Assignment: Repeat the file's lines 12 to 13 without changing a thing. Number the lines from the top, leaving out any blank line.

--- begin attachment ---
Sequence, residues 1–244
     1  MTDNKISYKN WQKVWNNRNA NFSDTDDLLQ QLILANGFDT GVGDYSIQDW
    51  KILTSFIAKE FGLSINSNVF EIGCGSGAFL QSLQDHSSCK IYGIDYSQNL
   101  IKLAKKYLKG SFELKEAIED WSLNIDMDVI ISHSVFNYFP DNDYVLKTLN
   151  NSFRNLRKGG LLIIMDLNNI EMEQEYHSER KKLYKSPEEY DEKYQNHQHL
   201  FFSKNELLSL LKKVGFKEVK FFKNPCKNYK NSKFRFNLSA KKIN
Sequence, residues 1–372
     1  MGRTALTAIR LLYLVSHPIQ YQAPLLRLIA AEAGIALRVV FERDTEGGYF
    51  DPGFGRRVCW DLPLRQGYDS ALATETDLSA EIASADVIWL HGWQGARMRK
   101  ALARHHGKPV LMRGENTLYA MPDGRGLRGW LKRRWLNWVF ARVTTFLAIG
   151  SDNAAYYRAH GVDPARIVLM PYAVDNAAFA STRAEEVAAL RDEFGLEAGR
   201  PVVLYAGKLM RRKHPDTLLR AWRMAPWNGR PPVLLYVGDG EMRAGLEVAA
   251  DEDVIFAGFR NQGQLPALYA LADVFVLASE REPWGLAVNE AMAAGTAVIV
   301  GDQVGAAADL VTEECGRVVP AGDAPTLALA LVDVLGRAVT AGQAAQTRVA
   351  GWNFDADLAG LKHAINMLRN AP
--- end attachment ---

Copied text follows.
   201  PVVLYAGKLM RRKHPDTLLR AWRMAPWNGR PPVLLYVGDG EMRAGLEVAA
   251  DEDVIFAGFR NQGQLPALYA LADVFVLASE REPWGLAVNE AMAAGTAVIV